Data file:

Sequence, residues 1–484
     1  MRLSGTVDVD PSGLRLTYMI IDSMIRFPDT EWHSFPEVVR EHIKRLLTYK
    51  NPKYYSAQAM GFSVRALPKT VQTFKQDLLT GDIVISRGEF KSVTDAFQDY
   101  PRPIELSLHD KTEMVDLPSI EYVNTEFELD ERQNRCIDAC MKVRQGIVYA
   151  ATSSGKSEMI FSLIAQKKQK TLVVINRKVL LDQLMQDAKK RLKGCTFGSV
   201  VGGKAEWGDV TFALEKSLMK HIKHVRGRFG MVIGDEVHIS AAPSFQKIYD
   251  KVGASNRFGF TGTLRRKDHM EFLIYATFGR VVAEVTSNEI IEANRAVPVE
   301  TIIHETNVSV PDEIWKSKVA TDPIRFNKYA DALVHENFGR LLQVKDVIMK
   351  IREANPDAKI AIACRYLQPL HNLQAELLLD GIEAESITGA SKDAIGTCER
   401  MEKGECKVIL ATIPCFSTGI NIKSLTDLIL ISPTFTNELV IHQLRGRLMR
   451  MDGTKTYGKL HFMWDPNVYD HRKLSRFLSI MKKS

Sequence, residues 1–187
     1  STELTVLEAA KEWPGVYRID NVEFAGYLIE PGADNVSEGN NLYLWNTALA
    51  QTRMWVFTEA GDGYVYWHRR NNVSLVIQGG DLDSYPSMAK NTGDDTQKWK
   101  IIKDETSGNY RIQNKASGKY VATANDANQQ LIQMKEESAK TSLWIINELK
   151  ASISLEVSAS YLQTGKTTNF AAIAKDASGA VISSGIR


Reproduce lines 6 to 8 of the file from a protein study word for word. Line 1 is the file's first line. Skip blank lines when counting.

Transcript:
   201  VGGKAEWGDV TFALEKSLMK HIKHVRGRFG MVIGDEVHIS AAPSFQKIYD
   251  KVGASNRFGF TGTLRRKDHM EFLIYATFGR VVAEVTSNEI IEANRAVPVE
   301  TIIHETNVSV PDEIWKSKVA TDPIRFNKYA DALVHENFGR LLQVKDVIMK